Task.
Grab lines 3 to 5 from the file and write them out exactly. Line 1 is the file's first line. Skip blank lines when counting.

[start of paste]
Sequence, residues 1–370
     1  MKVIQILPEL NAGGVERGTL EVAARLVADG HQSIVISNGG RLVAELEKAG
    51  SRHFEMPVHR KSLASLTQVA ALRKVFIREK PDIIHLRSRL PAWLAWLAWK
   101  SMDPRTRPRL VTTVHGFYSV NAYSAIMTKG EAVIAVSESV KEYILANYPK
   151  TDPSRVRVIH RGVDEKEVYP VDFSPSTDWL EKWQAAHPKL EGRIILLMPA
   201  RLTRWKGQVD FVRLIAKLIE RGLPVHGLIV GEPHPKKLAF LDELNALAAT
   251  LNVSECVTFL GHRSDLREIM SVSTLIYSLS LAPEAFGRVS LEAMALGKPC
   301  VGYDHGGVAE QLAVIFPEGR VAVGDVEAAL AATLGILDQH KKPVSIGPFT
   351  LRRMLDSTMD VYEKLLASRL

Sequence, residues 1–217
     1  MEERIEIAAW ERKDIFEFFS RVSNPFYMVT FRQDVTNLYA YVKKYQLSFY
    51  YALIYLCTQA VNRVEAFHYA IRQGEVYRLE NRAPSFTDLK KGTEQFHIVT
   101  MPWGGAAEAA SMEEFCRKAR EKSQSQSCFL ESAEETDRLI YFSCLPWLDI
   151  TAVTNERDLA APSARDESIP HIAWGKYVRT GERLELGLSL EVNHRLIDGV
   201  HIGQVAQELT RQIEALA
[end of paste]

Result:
    51  SRHFEMPVHR KSLASLTQVA ALRKVFIREK PDIIHLRSRL PAWLAWLAWK
   101  SMDPRTRPRL VTTVHGFYSV NAYSAIMTKG EAVIAVSESV KEYILANYPK
   151  TDPSRVRVIH RGVDEKEVYP VDFSPSTDWL EKWQAAHPKL EGRIILLMPA